You are strongly encouraged to call and interview several Home Inspectors prior to choosing one. At a minimum, you should interview each inspector by asking the following questions: a) Are you a licensed Home Inspector (for resale or new construction to appropriate) in the State of Alaska? b) Do you carry Errors and Omissions Insurance and Liability Insurance? The preferred answer is "Yes". c) What are your professional designations? d) What is your practical experience in home inspections? e) What will be inspected? Roof/attic? Crawlspace? Mechanical, plumbing, electrical, heating systems? Pests and rodents? f) Can I accompany you during the inspection? g) How much do you charge for the inspection? Fees for these services can vary greatly.
As of July 1, 2004, the State of Alaska requires Home Inspectors to be licensed. You should independently verify the licensure status of any inspector you hire online at: http://www.dced.state.ak.us/occ/home.htm. Some inspectors are also licensed engineers and as so are not required to carry a specific Home Inspection license. Many inspectors have professional designations. The American Society of Home Inspectors (ASHI) is one such organization. ASHI requires inspectors to pass an exam before they can become members. They also have continuing education requirements. You can learn more about home inspections online at: www.ashi.com, www.inspectiondirectory.com,www.nibi.com, and www.aahi.com.
Typically, Home Inspectors will look at the following items (but be sure to verify these when you call):
Structural elements. Construction of visible foundation; evidence of sagging or bowing of the structure; and window alignment.
Grounds. Leaks from septic tank; proper drainage; and condition of driveways, fences, and sidewalks.
Roof. Condition of shingles; any repairs/patches to flat roofs; clear vents; damage to chimneys; and properly working gutters.
Exterior surfaces. Correct clearance between ground and siding material; condition of exterior paint or siding; and properly working lights and electrical outlets.
Attic. Sufficient insulation; proper ventilation; and any sign of leaking or water damage.
Interior plumbing. No damaged or leaking pipes; proper hot water temperature; and functioning toilets, sinks, bathtubs, and showers.
Electrical system. Up-to-code condition and type of visible wiring, and proper function of circuit breakers, outlets, light fixtures, and fans.
Appliances. Proper function of stove, dishwasher, refrigerator, microwave, washer and dryer, and all other appliances.
Heating and cooling systems. Condition of furnace, air conditioning (temperature permitting), water heater, chimney, and fireplace.
Basement. Solid foundation, walls, and floors, with no signs of water intrusion or damage.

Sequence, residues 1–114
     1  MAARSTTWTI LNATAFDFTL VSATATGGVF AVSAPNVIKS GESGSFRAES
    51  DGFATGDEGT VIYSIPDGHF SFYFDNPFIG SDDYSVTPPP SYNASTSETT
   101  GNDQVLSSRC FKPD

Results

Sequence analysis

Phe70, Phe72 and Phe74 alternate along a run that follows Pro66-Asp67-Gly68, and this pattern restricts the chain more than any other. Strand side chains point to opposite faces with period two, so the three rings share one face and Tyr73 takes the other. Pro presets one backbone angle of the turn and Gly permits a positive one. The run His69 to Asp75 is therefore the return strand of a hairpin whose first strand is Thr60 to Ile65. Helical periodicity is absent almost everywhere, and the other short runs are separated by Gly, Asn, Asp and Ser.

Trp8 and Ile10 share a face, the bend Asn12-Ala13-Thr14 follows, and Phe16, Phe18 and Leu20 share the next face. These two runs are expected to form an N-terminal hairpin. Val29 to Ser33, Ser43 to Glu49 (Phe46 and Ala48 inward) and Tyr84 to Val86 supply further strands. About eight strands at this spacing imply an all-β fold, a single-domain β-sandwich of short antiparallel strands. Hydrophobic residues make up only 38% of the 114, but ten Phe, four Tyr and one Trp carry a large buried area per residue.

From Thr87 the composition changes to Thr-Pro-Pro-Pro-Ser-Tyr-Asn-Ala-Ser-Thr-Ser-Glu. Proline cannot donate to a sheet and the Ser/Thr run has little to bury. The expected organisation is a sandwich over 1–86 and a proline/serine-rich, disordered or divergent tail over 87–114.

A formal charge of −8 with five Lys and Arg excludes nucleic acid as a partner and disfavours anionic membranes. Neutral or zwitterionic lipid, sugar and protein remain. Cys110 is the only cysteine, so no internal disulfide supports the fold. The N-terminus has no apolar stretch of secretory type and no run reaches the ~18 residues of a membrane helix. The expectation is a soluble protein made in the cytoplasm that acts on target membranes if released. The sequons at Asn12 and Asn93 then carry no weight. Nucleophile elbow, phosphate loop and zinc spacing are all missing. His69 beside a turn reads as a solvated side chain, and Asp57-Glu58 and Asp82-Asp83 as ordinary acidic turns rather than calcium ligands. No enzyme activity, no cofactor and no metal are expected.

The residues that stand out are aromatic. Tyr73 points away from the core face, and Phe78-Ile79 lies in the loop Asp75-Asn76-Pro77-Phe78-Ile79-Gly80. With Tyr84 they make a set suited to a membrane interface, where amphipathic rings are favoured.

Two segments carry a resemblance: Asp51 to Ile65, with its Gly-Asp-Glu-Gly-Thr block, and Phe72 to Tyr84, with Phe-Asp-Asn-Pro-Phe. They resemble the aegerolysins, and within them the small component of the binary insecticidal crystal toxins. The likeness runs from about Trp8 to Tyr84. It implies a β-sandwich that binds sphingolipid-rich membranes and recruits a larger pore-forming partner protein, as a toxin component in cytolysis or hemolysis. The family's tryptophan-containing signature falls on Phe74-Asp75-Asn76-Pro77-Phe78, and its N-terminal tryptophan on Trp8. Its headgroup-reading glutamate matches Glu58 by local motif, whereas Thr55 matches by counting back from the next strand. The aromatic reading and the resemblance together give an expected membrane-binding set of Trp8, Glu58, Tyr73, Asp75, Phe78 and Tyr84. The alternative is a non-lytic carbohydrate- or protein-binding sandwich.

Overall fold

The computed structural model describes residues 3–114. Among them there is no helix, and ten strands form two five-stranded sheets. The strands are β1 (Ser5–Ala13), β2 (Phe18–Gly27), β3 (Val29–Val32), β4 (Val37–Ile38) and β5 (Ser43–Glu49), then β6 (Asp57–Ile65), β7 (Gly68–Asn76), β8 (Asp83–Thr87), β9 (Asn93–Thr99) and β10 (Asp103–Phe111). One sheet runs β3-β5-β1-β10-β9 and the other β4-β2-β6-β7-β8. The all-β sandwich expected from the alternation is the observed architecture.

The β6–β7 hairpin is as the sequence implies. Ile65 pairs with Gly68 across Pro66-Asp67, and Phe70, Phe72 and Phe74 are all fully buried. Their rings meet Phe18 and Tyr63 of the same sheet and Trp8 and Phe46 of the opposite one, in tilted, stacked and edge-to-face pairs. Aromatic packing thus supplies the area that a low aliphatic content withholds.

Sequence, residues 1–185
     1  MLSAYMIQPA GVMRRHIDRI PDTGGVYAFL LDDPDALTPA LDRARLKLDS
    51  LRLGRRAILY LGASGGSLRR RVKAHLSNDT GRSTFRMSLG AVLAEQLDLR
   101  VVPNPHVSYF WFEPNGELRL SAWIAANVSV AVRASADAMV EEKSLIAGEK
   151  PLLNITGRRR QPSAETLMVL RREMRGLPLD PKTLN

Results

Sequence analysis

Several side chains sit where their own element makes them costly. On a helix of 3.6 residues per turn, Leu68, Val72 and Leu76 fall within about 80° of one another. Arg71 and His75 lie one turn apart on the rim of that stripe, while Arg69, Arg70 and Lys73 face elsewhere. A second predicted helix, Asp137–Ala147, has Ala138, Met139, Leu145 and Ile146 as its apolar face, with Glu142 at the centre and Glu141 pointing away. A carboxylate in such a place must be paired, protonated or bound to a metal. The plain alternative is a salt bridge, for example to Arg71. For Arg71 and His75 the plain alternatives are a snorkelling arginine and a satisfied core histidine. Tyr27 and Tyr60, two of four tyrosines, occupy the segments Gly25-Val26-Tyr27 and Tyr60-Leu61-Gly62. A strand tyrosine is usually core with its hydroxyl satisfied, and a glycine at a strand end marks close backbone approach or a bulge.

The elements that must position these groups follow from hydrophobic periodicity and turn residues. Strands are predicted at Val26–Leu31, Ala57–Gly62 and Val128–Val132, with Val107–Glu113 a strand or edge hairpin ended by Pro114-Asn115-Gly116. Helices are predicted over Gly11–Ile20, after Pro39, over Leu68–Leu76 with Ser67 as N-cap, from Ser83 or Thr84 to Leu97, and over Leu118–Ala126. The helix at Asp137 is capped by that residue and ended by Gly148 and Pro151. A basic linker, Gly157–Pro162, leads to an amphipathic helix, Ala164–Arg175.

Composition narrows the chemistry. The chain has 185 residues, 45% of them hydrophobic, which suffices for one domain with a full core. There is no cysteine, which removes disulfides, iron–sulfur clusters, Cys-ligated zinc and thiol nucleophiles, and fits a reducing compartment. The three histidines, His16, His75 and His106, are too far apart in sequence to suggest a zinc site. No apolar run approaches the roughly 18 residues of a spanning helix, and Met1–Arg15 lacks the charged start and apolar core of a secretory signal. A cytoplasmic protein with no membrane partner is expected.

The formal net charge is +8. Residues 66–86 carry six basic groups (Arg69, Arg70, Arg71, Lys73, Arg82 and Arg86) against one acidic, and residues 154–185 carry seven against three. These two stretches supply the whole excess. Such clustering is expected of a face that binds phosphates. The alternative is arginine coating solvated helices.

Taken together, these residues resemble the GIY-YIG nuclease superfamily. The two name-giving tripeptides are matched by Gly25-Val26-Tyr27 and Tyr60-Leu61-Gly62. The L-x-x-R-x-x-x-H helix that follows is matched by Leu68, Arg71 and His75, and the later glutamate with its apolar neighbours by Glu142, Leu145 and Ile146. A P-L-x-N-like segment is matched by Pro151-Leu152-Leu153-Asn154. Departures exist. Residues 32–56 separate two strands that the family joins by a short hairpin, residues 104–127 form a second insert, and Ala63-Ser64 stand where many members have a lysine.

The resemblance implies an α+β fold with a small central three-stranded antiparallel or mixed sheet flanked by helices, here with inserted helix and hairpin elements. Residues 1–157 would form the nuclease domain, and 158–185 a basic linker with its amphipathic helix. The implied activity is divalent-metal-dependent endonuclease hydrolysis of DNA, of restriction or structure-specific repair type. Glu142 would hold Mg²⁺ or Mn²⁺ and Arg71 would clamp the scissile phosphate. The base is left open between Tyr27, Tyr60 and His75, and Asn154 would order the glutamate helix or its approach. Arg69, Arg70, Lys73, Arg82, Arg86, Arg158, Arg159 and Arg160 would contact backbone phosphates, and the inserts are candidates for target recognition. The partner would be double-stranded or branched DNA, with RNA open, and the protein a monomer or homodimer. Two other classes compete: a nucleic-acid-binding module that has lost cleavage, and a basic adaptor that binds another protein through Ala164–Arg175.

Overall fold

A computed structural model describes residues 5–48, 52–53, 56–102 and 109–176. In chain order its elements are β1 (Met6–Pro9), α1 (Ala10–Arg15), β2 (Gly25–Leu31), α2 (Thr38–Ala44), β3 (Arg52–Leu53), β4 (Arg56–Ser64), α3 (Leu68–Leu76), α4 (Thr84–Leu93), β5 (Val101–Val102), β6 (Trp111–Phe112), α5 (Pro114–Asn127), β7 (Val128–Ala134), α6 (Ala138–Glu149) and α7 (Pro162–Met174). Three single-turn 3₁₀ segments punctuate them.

Garage. Solid foundation, windows, ceiling, framing, and roof; working garage door opener; up-to-code electrical system; and proper function of outlets.
Miscellaneous - Other items may or may not be included in a standard home inspection. Examples: septic systems, roofs, drainage problems, wood decks, patios or other exterior structures. It is very important for you to verify which, if any, of these items are included in your home inspection.
What They Don't Inspect Again, while there is variation of what home inspectors look for, there are areas that are generally not covered by a home inspection. If you suspect any problems or concerns in the following areas, you may want to schedule an evaluation by a certified specialist:
WE RECOMMEND YOU ALWAYS OBTAIN A GENERAL HOME INSPECTION AS WELL AS SURVEYS AND INSPECTIONS IN SPECIALIZED AREAS BEYOND THE SCOPE OF THE GENERAL HOME INSPECTION.
Allow 2-3 hours for a complete home inspection.
You should plan on accompanying the inspector during the home inspection to become more knowledgeable with the inspection report and the home being inspected.
Buyermustschedulethehomeinspectiontotake place within a specified number of days after the Seller has accepted the purchase offer.
The fee for the inspection, usually between $300-$450 for single family homes, is due at the time of the inspection (don’t forget your checkbook). The inspection report is provided to the Buyer after the inspection.
A copy of the inspection report must be provided to the Seller along with a written request for any repairs. Your Realtor will assist you with this request, often referred to as a “Repair Addendum”. It is not the purpose of an inspection/repair addendum to request cosmetic items (which can and should be addressed in the original offer), but rather to rectify latent (hidden) defects that affect the value, function, structural integrity, or safety of the home.
Robert C Springer 1206 Third Avenue Kenai, AK 99611 Phone: (907) 283-3969 E-mail: firstname.lastname@example.org www.bobspringerinspections.com